Originally released in 1945 at the tail end of the
Second World War whilst Paris was still burning,
Marcel Carne's film Les Enfants du Paradis is
considered one of the greatest if not the most notable
French film of all time, in the same vein and scale as
Hollywood's Gone With The Wind from six years
It is a rare slice of art house cinema from the French
1940s and tells the story of Parisian courtesan
Garance (Arletty) and the four men who are in love
with her - an aristocrat, a thief, an actor and a mime
- based upon actual larger than life people from the
1820s and 1830s, where the film is based.
Carne originally released the film into two parts -
beating Harry Potter and Twilight by 70 years -
Boulevard du Crime and L'Homme Blanc. As Paris
was still under Nazi occupation, Carne attempted to
get past censors by splitting the film in two, and
then restore the film to its original length once the
war was over.
It is important to understand and appreciate the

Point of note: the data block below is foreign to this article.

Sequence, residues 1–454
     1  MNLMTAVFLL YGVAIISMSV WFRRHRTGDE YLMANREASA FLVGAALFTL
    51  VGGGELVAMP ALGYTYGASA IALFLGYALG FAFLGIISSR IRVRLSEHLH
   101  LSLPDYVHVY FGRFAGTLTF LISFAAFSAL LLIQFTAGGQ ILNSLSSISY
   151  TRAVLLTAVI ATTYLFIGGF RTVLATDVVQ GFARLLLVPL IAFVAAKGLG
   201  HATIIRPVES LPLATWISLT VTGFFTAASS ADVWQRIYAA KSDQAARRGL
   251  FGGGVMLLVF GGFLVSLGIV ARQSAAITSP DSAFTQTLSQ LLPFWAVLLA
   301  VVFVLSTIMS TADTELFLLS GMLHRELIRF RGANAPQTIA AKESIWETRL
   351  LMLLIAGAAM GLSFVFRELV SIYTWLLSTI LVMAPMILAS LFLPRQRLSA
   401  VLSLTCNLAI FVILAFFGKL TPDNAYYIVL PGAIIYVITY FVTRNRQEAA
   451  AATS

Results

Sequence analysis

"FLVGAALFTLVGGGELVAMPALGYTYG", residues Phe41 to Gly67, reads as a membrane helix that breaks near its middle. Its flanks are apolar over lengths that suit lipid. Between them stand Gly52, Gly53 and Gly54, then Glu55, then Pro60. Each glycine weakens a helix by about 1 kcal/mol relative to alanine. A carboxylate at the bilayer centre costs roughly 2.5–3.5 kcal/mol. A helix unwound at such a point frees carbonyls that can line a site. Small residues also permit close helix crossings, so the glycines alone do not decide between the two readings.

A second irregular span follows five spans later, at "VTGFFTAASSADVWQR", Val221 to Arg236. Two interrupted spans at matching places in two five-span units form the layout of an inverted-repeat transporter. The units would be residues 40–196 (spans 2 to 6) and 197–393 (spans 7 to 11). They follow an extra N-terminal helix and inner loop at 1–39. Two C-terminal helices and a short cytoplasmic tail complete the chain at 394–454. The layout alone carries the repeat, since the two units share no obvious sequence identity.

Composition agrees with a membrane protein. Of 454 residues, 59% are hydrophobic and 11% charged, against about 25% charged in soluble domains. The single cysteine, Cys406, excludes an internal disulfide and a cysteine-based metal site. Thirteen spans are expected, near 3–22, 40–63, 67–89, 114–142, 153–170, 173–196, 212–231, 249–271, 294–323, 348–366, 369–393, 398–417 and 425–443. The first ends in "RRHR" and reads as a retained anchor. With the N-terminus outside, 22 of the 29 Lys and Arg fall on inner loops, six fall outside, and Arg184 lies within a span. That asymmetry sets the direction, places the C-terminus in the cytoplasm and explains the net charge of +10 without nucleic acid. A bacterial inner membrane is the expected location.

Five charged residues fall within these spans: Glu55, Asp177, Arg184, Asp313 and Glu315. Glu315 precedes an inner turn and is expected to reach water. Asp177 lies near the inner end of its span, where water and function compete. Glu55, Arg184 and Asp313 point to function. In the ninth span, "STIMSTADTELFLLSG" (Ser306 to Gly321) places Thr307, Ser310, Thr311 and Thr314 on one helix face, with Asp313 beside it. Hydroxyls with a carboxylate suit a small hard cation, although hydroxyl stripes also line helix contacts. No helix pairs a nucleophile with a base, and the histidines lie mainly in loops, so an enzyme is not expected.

lengths Carne went to in his production. The
sheer scale of the film in terms of extras,
production, costume and art direction is immense and
to consider that this film was done under enormous
levels of oppression is all the more staggering when
you see the final results.
The script written by Carne and in collaboration with
Jacques Prevert, a surrealist poet is indicative of
the input. The film feels like one long poem
visually and sonically due to the sumptuous score by
Joseph Korma. Carne's vision of Paris is a
romantic notion of fonder times and persuasions.
The fact that the film was made shows the defiant
French backbone which withstood the Nazi invasion.
Whilst the film is at times a bum-numbing 190 minutes,
it does suffer from a pacing issue after all the main
male characters are introduced; but the richness of
the production wins out in the end, rewarding those
who do stick it out.
Carne mixes all form of cinema and artistry; great
soundtrack, wonderful acting with piercing dialogue
and even mime performed by Baptiste (Jean-Louis
Barrault), especially in one of the opening scenes
when he performs a sequence to save Garance from a
wrongful accusation of theft by a buffoon. The
scene is not rushed and allowed to gestate, to the
benefit of all in view. We watch the mime, the
audience in the square watch him, all are transfixed.
Carne would continue directing into the 1980s
absorbing the bashing of La Nouvelle Vague, yet he
would never hit the same heights of Les Enfants du
Paradis - a wonderful and breathless love letter to
Paris and France, when it most needed it.
Les Enfants du Paradis was released on two-disc DVD or
Blu-ray by Second Sight Films on Monday 17th